I also have a love for certain movies and books that begin with a “survivor” sitting around and telling people the tale of what he survived. “The Call of Cthulhu” is a great example. It made sense for Rigo to be telling his story to Baltimore instead of to one of the doctors or nurses caring for him. That also gave us the opportunity to portray Baltimore in a different sort of light. The monsters view him with a certain dread, but so does the Inquisition. He’s halfway to being the devil himself as far as they’re concerned.
What do you most enjoy about having these new characters, Baltimore’s traveling companions, to write?
It’s a very different kind of story now — one that we’re just gearing up to tell. That’s another reason this is a perfect time to jump in. We’re just beginning to explore who these people are who have been recruited by Baltimore to join his fight. From a writer’s point of view, the companions allow me to humanize Baltimore to a certain degree, but also to shine a bright light on the ways in which he is becoming inhuman. We can’t help but compare and contrast their humanity to his. From a plot perspective, once Baltimore realized that his battle was much larger than he’d originally thought — that it was about more than just his personal vengeance — it only made sense for him to pull in some of the people he trusted, all of whom have suffered their own losses to the darkness. The question is whether or not he’s brought them in for his sake or for theirs. The larger question is, given a choice of advancing his crusade or saving the lives of his companions, what would he choose? Are they his friends, or simply tools he’s acquired?
This particular story is a two-parter. Can you talk about the keys to successful pacing in a story such as this one?
There was never any question of length on this one. Despite the framing sequence with Baltimore and the bits of Inquisition history, it’s a down and dirty story. A bunch of warrior priests track an insane werewolf to an abandoned castle overlooking the ocean and things get ugly and bloody very fast. That’s not the kind of story that I’d ever stretch out. It only works if it’s quick and nasty.
Looking back at your history of Baltimore stories, what are you most pleased in terms of world building in this corner of the fictional universe?
Ben, Peter and colorist Dave Stewart have brought to life everything I could have hoped for. I think readers have an excellent sense of how broken and desolate Europe is in the aftermath of the war and the plague. Trust is gone. Most towns have suffered catastrophic loss of life and people are wary of strangers — and of those they’ve known all of their lives. The night is dangerous. In some places there is great sorrow and in others a real sense that daily life is tentative. Yes, we’ve carefully woven — sometimes very quietly, in the background — this huge mythology of the Red King, what he is, who his worshipers are, and where that’s all going. But to me, the mythology of what Europe is like in Baltimore’s time is just as fully fleshed and interesting, if not more so.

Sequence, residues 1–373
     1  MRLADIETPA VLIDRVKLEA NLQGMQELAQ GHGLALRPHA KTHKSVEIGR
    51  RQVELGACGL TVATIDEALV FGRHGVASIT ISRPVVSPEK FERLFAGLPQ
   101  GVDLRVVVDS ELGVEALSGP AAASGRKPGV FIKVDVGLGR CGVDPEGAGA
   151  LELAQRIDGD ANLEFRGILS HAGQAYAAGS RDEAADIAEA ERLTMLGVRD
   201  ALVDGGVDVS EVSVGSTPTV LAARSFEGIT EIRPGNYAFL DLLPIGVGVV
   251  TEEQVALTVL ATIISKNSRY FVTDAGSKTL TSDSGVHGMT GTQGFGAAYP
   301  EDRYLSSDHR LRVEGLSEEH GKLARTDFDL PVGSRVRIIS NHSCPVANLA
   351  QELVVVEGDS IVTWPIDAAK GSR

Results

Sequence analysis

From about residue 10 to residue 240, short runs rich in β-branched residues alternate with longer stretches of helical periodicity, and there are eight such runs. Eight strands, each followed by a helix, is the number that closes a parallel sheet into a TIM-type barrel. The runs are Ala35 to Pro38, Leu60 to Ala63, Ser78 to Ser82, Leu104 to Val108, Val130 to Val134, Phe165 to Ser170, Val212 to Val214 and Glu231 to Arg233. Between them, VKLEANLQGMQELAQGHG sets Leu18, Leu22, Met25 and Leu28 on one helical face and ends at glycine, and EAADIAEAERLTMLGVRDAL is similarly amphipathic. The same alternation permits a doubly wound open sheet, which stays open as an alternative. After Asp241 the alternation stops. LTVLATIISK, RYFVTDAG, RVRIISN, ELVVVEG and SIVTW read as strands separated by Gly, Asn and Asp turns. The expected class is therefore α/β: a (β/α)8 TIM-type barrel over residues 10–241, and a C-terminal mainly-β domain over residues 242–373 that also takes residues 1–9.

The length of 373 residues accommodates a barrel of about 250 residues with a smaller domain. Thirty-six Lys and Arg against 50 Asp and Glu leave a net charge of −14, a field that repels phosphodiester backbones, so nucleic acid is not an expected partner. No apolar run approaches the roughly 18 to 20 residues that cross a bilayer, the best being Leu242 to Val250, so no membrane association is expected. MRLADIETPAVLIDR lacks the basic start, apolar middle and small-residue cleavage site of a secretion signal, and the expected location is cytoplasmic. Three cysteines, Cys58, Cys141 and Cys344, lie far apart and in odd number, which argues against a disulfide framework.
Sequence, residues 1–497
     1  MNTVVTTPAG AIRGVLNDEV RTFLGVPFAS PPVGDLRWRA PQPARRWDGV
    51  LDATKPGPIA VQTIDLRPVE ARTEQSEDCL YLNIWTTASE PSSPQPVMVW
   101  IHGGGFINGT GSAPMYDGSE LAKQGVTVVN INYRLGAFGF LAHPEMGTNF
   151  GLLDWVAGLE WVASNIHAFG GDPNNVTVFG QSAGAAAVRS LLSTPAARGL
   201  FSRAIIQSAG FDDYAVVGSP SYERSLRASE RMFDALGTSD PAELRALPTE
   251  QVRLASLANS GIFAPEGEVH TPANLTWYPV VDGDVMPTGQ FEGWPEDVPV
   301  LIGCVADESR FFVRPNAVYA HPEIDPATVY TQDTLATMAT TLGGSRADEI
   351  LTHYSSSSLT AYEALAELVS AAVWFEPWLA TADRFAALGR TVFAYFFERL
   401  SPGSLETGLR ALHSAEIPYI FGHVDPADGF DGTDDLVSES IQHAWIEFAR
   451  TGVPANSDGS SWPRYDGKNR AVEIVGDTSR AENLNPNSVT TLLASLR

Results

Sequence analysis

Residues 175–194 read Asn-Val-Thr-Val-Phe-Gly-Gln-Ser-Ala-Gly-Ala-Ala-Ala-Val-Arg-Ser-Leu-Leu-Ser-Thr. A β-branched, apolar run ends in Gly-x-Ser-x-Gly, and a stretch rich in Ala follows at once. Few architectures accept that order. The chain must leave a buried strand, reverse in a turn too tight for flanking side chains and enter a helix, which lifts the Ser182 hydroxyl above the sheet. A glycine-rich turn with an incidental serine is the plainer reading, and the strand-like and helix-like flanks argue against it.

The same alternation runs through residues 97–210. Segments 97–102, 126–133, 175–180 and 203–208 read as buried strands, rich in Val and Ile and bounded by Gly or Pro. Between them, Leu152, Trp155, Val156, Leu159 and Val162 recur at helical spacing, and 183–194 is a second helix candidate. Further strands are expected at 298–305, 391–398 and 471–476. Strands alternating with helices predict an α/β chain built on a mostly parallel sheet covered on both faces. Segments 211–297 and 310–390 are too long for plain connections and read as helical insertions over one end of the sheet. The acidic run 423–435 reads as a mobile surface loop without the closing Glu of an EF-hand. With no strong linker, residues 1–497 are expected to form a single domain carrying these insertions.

How critical is editor Scott Allie to the success of the Baltimore line?
Scott is Jiminy Cricket. He’s my conscience. He looks over every script and always catches the things Mike and I have missed. I’ve known him more than twenty years, and I think he’s developed an incredibly sharp editorial eye. He never tells us where to go, but his feedback is crucial to helping us get there. I was on the phone with him last week about another project, and his insight during that conversation has made it a thousand times easier for me to do my job going forward.
Many writers would love to get a chance to collaborate with Mike Mignola. Not asking for you to brag about yourself per se, but what is it about the collaborative dynamics between you two such a consistent, long-term team?
Mike and I are very different people, and we approach storytelling very differently. But I think, at the core of it, we usually care about the same things in a story. We have a shared frame of reference that is invaluable. For whatever reason, he seems to trust me. Beyond that, I have no idea.
Dave Stewart is a colorist much in demand, how fortunate is the Baltimore creative team to have him part of the crew?
Anyone who reads comics knows that Dave Stewart is the gold standard in coloring. He makes everything look two or three times better than it was before he got to work. Ben and Peter are fantastically talented guys, and so is Dave. The mood and atmosphere of the series, the coloring choices he makes — Comics fans often overlook the artistry of coloring, but Dave is just as much an artist as any penciler or inker. He’s the best there is.
As a veteran writer of horror, I am curious when writing comics are there ever scenes that you write which even take you by surprise (by its ferocity or what have you) when you the artist’s interpretation of your words?
Rarely, but “The Wolf and the Apostle” is full of those scenes. It’s one thing to write about a headless corpse kneeling in a hallway, it’s another to see it drawn by Stenbeck and colored by Stewart.